No chains

I decided to exclude the chains. It is enough to depict two people bound together struggling to be free. Or is only one aching to be free? Difficult to tell from this image. So often people have their epiphanies after they destroy others. And the destruction may not be literal or obvious. It is enough to wear away at someone’s confidence or their self-worth. Often, one’s self-actualization is an excuse to think of oneself above others. I still like the abstract background these figures inhabit. I am reminded of the work of David Park. It has always been a goal of mine to depict figures in a landscape but to have the elements appear to be organically formed, that is, to grow from each other. Complicated, and difficult to achieve.

Covering up

I began this small painting of two figures breaking free of their constraints: chains to come. I used a canvas that already had a painting of a landscape that went awry, and I like the abstract element it adds to the work at this early stage.

Catching up

Recently someone I consider a wonderful person died. As I age I keep receiving these alerts that life is brief. So as the saying goes, I return to art, which lasts far longer. This past weekend, I attended a walk at Aquetong Spring Park in New Hope, PA given by the Philadelphia Mycology Club. The person leading the walk struck me because her features seemed straight out of an early Lucian Freud painting. I also completed the portrait of my puggle Sammie, which I will be giving to her amazing Veterinarian Dr. Jessica and the staff at Lambertville Animal Hospital.

I love this face 😊

I worked some more on my portrait of Sammie. This old dog breaks my already broken heart 💔 I applied various cool and warm shades to her coat and I more clearly delineated her eyes.


Yesterday, I began this portrait of my 17-year-old puggle Sammie. I have been wasting too much time lately. Seeing this beautiful face reminded me of the important things in life.

Landscape Attempt, again

I am focusing on both composition and color particular to nature as I work on improving my landscape painting. My impetus was this lovely acrylic painting on wood panel by Nora Muchanic. I am learning a lot just by looking at her sense of color, brushstroke application and simple but elegant composition. Her painting is entitled “Lone Tree.” I recently visited Andalusia in Bucks County and was impressed with the design of their gardens, as well as all of the natural beauty found along the Delaware River. My painting is called “Road to Andalusia.”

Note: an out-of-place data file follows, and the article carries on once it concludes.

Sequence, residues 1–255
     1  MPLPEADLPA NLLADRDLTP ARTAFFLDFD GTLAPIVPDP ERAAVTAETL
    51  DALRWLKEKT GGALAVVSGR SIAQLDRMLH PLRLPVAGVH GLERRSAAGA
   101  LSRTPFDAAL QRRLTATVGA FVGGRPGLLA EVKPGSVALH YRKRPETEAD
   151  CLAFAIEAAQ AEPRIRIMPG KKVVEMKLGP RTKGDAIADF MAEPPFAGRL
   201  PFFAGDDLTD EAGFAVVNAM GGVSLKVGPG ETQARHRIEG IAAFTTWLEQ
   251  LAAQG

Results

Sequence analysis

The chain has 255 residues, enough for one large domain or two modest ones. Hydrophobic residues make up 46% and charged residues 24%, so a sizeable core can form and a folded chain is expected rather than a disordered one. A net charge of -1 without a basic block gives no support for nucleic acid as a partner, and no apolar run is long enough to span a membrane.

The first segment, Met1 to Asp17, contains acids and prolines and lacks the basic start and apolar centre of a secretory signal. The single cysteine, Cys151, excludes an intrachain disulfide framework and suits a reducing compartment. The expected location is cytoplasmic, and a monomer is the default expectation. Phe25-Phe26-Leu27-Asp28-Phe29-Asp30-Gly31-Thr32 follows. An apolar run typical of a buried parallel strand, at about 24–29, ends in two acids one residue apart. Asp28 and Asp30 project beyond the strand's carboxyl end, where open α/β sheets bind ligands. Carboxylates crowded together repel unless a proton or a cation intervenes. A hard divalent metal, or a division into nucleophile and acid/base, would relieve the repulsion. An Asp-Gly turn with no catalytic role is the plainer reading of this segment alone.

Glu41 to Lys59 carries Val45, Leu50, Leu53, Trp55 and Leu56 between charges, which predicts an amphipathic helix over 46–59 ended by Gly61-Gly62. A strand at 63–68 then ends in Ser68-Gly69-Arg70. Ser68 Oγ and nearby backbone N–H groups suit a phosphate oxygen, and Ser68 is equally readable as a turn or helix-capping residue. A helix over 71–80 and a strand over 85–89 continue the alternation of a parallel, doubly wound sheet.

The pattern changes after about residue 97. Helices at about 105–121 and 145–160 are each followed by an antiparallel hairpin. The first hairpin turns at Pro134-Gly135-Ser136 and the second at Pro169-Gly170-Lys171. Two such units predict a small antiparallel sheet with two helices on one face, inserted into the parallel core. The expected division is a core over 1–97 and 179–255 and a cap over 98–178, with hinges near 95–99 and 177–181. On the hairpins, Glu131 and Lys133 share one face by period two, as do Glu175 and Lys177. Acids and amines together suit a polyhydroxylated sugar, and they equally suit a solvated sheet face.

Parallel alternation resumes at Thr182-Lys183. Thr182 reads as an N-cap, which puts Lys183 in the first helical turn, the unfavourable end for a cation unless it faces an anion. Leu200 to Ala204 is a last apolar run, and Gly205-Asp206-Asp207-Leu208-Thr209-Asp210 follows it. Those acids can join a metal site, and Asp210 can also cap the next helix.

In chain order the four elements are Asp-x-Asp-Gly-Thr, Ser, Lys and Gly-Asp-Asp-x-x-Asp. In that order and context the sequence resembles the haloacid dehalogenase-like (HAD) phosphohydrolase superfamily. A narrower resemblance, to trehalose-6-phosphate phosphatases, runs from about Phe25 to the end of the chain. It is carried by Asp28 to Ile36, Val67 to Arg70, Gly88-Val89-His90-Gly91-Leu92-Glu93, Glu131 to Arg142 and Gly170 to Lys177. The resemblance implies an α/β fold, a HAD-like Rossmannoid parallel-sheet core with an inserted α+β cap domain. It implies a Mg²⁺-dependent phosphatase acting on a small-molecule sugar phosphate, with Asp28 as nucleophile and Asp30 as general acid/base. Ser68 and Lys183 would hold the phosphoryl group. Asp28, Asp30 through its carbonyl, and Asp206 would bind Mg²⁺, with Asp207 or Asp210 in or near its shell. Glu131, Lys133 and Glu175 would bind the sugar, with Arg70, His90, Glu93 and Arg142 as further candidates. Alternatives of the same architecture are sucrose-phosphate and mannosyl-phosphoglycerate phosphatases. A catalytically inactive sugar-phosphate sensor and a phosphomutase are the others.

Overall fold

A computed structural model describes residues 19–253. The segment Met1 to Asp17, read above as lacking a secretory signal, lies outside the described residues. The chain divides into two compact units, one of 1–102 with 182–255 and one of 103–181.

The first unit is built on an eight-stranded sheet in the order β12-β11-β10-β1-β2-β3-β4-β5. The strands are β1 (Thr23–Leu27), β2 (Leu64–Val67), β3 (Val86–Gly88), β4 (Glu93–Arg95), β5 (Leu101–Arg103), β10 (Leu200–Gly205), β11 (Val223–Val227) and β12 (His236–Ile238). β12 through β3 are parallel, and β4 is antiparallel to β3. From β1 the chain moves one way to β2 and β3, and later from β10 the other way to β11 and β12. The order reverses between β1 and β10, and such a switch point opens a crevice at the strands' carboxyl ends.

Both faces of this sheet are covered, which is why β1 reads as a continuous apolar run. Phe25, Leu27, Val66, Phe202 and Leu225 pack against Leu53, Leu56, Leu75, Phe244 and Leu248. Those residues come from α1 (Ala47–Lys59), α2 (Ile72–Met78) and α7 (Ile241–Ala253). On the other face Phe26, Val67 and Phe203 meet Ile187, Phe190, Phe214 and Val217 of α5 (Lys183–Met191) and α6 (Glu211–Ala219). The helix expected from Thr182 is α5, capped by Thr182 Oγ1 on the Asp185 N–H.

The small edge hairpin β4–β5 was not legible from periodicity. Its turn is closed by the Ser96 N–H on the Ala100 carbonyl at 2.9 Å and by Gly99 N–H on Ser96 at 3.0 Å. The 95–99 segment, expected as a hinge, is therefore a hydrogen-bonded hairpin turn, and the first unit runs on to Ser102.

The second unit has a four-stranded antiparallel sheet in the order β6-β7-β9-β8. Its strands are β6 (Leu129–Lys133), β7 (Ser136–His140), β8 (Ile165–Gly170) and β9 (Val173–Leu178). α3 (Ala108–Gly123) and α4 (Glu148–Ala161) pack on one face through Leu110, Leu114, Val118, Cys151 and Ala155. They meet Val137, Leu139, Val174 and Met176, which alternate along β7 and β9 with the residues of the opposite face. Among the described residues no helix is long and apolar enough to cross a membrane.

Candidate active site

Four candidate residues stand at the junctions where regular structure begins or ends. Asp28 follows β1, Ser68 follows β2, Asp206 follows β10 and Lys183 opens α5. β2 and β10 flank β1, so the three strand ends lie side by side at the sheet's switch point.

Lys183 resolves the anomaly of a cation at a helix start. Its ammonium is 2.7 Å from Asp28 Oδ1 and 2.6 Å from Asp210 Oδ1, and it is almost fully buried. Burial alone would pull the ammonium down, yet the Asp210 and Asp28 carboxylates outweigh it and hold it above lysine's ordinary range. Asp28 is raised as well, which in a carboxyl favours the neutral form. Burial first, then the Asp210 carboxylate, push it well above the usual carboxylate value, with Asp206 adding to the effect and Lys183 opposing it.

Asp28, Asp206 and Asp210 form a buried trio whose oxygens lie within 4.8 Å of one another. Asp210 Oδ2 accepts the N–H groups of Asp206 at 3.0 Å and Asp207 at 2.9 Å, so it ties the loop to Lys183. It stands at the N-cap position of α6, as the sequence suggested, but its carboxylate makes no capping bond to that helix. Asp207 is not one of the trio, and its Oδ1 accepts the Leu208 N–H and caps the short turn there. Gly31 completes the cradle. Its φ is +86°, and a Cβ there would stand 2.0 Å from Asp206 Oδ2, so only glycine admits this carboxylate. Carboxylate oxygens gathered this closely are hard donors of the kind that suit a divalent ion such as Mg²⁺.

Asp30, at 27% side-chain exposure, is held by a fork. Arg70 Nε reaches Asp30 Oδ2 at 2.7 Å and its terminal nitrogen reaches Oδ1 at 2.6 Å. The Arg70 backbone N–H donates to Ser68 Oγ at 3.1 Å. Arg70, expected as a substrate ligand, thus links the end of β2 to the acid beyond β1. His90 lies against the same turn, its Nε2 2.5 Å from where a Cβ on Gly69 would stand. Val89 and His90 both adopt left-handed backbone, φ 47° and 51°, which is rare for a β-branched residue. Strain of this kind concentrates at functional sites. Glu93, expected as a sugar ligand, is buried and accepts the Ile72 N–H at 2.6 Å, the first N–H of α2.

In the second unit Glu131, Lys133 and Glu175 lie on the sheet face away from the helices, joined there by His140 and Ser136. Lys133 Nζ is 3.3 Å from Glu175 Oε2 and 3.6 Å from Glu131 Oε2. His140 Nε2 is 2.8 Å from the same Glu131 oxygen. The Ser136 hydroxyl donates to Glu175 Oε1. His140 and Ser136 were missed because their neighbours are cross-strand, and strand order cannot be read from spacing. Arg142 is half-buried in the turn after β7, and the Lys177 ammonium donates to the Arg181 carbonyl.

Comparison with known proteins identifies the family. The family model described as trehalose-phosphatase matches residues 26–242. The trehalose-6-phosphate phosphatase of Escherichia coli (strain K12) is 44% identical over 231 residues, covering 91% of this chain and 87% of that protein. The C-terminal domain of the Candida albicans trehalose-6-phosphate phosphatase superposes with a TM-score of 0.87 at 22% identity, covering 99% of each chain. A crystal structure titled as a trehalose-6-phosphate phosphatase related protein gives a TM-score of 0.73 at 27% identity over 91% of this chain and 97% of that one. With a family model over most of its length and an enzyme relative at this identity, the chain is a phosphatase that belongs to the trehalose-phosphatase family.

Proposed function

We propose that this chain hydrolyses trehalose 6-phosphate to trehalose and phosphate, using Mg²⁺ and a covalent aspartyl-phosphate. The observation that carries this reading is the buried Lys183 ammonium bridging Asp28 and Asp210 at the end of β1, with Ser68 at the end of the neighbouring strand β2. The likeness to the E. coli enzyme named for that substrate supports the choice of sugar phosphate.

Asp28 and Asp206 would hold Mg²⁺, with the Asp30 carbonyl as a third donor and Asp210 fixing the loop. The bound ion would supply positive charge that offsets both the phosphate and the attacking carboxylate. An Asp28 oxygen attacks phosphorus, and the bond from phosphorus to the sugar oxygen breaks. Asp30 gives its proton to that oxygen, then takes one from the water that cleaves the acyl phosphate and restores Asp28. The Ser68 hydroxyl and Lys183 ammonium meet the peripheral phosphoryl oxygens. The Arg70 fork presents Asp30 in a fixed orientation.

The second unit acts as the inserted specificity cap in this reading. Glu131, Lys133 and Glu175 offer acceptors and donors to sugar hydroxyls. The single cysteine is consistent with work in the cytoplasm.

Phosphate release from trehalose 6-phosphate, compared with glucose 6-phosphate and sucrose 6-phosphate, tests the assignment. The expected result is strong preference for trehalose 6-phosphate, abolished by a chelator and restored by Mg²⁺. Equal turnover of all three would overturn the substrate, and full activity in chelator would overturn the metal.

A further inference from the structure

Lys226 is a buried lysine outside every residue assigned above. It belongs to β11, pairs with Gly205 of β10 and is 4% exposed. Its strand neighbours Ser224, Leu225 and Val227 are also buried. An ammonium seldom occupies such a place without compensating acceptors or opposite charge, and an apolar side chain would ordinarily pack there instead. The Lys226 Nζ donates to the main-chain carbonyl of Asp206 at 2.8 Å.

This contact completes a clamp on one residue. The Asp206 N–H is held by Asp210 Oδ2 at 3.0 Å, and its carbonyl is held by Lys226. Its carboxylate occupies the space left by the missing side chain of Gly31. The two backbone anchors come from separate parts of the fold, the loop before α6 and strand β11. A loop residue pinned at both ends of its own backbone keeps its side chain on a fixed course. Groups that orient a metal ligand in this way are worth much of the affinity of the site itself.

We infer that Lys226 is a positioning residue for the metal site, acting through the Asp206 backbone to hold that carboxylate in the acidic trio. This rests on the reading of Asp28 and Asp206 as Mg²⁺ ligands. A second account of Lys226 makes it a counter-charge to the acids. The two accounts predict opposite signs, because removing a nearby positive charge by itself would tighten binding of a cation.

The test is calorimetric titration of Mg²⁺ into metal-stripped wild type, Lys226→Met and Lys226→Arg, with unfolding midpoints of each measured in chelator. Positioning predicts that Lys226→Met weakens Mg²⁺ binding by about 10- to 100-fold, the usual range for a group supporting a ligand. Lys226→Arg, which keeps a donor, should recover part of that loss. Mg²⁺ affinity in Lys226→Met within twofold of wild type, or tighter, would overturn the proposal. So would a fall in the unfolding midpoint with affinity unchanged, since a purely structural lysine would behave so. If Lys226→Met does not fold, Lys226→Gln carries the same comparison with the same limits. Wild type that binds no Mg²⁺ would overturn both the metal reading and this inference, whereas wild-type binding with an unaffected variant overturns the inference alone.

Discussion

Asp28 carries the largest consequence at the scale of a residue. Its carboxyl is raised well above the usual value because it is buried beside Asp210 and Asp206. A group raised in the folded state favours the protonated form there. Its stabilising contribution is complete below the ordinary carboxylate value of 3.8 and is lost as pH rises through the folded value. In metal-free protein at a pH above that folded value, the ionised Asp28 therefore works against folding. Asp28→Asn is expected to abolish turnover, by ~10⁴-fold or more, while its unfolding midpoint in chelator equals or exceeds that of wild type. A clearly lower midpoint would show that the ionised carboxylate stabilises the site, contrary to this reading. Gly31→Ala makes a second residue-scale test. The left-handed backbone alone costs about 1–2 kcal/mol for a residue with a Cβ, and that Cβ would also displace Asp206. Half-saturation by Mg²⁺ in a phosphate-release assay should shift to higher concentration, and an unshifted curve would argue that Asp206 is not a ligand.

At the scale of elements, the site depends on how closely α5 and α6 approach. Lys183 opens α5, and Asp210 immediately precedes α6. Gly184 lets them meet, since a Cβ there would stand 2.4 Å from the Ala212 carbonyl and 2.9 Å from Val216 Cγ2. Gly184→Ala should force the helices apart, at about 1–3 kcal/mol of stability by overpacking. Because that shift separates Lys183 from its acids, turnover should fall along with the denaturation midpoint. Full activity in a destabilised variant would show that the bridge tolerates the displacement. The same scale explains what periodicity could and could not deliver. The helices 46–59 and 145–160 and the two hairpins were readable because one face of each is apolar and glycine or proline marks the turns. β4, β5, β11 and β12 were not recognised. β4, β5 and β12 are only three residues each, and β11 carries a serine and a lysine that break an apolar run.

Of Feet and Vulnerability

Every time you wear sandals instead of shoes you make yourself vulnerable; you do so if you go barefoot. Why do our bodies make us open to judgement, or worse, attack? Why do we allow ourselves to live inside skins that can be ridiculed, pummeled or desecrated? And after we have been humiliated why do we say “once more, please?” Good questions for which I don’t have the answers. Rather, I choose not to answer. This particular illustrated body is in danger because something has weakened him. His feet being exposed seems to be the least of his problems.

When I first learned about Caravaggio, one of my professors talked about why the artist painted a figure’s dirty feet. These dirty feet showed that the painter used every-day people to represent Jesus’s disciples. The gutter was brought into a work of art. Low meets High. The art of Caravaggio is for the masses and about the masses. Those feet demonstrated that Caravaggio came from a world that was decided on the streets. This is very different than the figures seen in Rubens: those lush, bathed and neatly quaffed figures more at home in the Courts of Kings and Queens.

This is where I am with the most recent painting. Perhaps I have overworked these feet already, and I am feeling a bit insecure about that.

You Should Not Paint Like This!

No, no, no, do not paint small areas separately, almost completing them, or actually completing them, without first laying in larger areas of light and dark, or color. I was taught since I began courses in painting, that every portion of your painting surface should be colored. Never leave the bright white of canvas because color is relative; a color is seen differently depending on what color it is next to. So, I have departed from that rule here, and I did so with Portrait of Cat and other paintings as well. Why? Perhaps it is too much confidence, or arrogance. I have been painting for 40 years. I have grown to expect certain eventualities. I believe I can figure out what colors will do as I progress through a painting. All will come to fruition in the end because I have put in a great deal of time and effort learning and relearning as I have made my art over the decades. And it is gratifying to kiss some rules goodbye.